But given my own naiveté about Down Syndrome, I suspected my instincts were way off. And so, I instead reached out to another friend, Brian McKay. I had grown up with Brian’s wife Courtney and love her like a sister. Four years ago they gave birth to a beautiful son, Davis, their first of two boys. Unexpectedly, Davis was born with Down Syndrome. “Brian, what do you think of this story–do you like the fact that the team allowed this boy to score a touchdown and the opposing team “chased” him, or does it somehow seem forced?” Brian’s response was so thoughtful and enlightening that I instantly knew he would be perfect for a DHIFI Guest Flaunt [http://www.donthideitflauntit.com/our-kind-of-touchdown-by-brian-mckay-2/], which was published on my site earlier this week. “You know, the thing about many DS kids is that they don’t even perceive themselves as different. They don’t even *know* they have DS. In order to get Davis on the scale at the hospital the entire staff comes out and cheers for him as he’s finishing. To get his weight. To him, he did something great! He’s thrilled! It’s a scale. It means nothing. The touchdown in the story about Noah means nothing. But to him? It’s the greatest thing that happened to him that day and maybe that week. I think that kid will talk about that touchdown for the rest of his life.”
Once again, I felt utterly foolish. And then I received an unexpected email from another friend (coincidentally named John).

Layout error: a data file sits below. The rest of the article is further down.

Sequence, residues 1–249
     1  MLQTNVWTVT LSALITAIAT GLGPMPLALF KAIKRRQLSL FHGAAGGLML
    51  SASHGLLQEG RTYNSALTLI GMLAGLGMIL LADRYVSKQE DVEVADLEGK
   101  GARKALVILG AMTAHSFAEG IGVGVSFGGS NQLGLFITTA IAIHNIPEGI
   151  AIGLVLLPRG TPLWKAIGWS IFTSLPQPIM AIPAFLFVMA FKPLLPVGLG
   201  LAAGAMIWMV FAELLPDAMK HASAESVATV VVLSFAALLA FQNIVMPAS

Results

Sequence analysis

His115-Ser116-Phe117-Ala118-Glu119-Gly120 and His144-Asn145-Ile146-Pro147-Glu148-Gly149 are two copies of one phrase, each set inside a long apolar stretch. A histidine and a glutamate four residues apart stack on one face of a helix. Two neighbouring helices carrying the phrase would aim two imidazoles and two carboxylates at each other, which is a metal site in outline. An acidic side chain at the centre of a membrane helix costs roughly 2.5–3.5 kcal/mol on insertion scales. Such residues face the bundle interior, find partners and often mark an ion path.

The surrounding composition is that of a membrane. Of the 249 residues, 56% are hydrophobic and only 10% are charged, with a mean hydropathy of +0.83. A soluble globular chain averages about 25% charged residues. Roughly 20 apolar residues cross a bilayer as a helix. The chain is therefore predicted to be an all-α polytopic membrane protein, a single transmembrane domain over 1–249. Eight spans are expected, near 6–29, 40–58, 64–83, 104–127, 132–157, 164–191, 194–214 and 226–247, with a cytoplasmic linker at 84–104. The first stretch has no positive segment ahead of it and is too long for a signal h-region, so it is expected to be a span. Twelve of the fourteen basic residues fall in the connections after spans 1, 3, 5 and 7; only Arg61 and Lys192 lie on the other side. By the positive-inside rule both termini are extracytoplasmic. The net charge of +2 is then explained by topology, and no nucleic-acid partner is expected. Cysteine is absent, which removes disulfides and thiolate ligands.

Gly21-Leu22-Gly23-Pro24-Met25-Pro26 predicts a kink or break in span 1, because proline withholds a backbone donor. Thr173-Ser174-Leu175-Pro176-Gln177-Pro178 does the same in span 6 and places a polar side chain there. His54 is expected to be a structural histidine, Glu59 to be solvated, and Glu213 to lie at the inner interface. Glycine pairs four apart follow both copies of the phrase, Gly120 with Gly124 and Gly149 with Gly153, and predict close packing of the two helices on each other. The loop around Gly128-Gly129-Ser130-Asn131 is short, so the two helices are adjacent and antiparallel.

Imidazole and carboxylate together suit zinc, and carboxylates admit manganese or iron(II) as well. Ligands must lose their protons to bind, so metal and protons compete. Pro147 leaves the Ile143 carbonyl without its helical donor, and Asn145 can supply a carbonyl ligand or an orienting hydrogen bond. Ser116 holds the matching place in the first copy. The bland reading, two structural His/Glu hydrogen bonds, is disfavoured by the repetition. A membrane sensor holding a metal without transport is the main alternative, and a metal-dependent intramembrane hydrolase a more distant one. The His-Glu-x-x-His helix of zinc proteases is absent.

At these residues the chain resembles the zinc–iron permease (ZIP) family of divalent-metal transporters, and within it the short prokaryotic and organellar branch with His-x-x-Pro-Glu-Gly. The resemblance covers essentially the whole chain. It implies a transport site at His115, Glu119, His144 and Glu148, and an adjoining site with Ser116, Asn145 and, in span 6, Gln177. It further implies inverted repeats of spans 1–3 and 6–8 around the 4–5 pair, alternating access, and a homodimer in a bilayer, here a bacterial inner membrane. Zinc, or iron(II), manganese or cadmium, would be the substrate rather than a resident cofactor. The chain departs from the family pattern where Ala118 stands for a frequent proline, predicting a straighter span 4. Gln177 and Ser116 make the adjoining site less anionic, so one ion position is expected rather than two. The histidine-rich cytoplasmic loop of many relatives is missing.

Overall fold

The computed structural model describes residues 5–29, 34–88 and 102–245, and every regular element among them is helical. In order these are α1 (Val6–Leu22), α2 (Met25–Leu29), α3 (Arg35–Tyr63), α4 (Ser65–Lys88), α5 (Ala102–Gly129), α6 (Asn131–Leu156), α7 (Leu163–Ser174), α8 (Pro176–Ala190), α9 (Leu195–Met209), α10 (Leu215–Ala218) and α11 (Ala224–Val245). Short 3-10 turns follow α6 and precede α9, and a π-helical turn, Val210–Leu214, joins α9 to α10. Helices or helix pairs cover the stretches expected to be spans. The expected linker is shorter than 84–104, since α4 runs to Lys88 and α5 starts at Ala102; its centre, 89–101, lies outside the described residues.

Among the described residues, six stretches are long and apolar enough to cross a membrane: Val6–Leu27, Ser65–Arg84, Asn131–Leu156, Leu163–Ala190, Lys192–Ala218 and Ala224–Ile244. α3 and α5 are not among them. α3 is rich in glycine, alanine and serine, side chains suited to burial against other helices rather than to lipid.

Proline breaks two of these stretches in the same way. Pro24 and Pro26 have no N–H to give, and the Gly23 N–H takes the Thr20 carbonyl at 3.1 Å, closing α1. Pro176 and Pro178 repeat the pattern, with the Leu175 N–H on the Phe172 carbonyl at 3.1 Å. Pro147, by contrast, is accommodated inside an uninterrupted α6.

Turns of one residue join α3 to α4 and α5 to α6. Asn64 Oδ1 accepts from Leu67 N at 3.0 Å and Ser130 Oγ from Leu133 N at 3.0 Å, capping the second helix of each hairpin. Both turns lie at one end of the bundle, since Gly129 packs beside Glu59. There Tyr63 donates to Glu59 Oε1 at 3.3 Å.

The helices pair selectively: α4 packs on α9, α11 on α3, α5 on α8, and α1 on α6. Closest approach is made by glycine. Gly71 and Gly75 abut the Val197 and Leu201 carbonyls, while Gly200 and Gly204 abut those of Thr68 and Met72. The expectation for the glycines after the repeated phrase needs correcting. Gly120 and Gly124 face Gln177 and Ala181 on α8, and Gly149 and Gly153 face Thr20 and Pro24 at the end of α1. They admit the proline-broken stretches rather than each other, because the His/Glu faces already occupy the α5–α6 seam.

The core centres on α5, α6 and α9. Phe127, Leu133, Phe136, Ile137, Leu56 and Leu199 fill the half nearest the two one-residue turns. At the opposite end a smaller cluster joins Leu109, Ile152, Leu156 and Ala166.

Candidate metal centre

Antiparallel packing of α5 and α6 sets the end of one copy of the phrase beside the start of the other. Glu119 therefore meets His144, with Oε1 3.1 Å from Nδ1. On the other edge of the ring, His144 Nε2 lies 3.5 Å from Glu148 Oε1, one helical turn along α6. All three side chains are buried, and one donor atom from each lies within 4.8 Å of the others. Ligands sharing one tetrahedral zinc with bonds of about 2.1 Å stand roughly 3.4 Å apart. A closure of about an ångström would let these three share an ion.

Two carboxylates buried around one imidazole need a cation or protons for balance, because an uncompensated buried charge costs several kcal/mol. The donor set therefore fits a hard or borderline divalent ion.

“Meg, I was thinking about you the other day. My daughter, a H.S. senior, nominated and ran a homecoming queen campaign for a friend of hers, *Candice, who has Down Syndrome. Candice is a wonderful, beautiful girl with a loving soul and deserved the homecoming queen award much more than anyone. Well, Candice won, but the runner up was a sore loser and tweeted a derogatory comment.” John continued by describing that the tweet was deleted quickly, but several people got screen shots and tons of craziness followed. “One person printed the screen shot, wrote a defense of Candice and then an unflattering remark about the person who tweeted it, then printed and posted it in the school.” As his email to me continued, I noted that there was no mention of any direct impact on Candice. It was like she was (thankfully) insulated from all the drama.
In this context, Ethan and I had been recently discussing what it is like to be in middle school, and how easy it is, at his age, for kids (with no difference or disability) to be consumed with what others are thinking of them. I felt the irony. I have spent the greater part of my life learning to not only accept myself and my difference, but to even embrace it, and now teach my kids how to do the same. It is a difficult struggle and there are no guarantees I can even reach the goal. However, it is so incredibly worthwhile once you can arrive at a peaceful place of unconditional self-acceptance, and bring your child to that same destination.
So many people fear having a child with Down Syndrome. I was one of them. But having friends who have had children with DS, I am finally realizing that, in some respects, the joke is on all of us who struggle constantly with our own self-worth, sometimes all of our lives. Many never come close to winning that game. Yet these beautiful people arrive on earth automatically filled with unconditional self-acceptance and love. In that respect, they have already scored that winning touchdown— the instant they arrive.